It is very tricky to monitor the drinking behaviors of teens. This is more so the fact that teenagers and kids tend not to be honest in totality when being surveyed about their drinking habits and alcohol use. This is also goes to those who aren’t normally a sample representative.
This has lead the researcher from the University of Rochester (in the United States) to turn to the use of Instagram when carrying out their survey. According to them, Instagram can expose data faster and more cheaply than all the other conventional surveys. They further added that it will be easy to discover the alcohol types and brands that are highly favored by the teens’ demographics.
As per Jiebo Luo, together with his team (in a paper that they released), underage drinkers, and teens are very willing to share their alcohol drinking experiences on the social media. Therefore, monitoring Instagram can easily allow these researchers to observe it in an “unobstructed way.”
Despite the fact that Instagram doesn’t allow for the selection of users according to their ages, Jiebo Luo and his team were able to employ the use of computer vision technology so as to obtain sufficient accurate guesses for race, gender, and age. With another constructed slang dictionary and the names of brands of alcohol used, they were able to make a collection of the necessary data.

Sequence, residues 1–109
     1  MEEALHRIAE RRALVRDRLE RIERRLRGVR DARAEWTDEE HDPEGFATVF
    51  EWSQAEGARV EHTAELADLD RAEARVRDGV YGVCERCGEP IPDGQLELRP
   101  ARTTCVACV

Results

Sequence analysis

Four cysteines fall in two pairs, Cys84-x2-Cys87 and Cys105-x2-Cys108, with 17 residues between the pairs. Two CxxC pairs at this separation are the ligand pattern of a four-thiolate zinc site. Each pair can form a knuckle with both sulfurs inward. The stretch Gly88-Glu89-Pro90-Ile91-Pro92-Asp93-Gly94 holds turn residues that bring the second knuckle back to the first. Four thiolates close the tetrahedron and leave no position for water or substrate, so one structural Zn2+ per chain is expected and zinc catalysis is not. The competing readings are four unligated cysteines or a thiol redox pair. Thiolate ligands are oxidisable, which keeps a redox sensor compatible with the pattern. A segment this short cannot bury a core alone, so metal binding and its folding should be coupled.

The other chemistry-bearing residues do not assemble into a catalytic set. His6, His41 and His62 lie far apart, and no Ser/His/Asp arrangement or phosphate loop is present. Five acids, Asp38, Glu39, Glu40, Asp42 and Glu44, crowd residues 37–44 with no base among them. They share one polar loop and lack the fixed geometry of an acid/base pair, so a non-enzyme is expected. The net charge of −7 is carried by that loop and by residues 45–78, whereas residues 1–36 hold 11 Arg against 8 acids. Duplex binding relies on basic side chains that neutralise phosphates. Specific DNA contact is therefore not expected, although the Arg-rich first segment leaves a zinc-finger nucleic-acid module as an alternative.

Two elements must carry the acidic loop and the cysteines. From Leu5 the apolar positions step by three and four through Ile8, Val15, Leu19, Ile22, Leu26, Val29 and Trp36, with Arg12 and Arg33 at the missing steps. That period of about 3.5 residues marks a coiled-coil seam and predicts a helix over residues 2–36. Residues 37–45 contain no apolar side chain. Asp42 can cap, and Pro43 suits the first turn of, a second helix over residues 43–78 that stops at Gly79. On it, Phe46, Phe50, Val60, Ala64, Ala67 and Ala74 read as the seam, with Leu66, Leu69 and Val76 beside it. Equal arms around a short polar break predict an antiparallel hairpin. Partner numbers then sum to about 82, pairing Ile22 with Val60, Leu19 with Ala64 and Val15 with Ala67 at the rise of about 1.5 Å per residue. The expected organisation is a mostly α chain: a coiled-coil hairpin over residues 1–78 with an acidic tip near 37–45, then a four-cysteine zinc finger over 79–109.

According to the findings of their research, underage and teenage drinking tends to happen more often on holidays and weekends, as well as during the end of the day. Also, the research revealed that there was no longer a gender bias on the consumption of alcohol- as it had matched the Instagram users’ ratio. Moreover, the researcher were able to find the types and brands of alcohol that are favored by these younger audiences. This was more so useful to the relevant people that work with teenage drinkers. As per Luo, the social media platforms such as Instagram can be effectively used by government agencies to incorporate targeted interventions and as well, try to measure the effects of such kinds of interventions.
"The new method of finding information about a given demographic (social media) could be useful in complementing the more traditional methods of measuring youth drinking. She also added that this kind of research could still provide other vital insights into the contexts of youth drinking".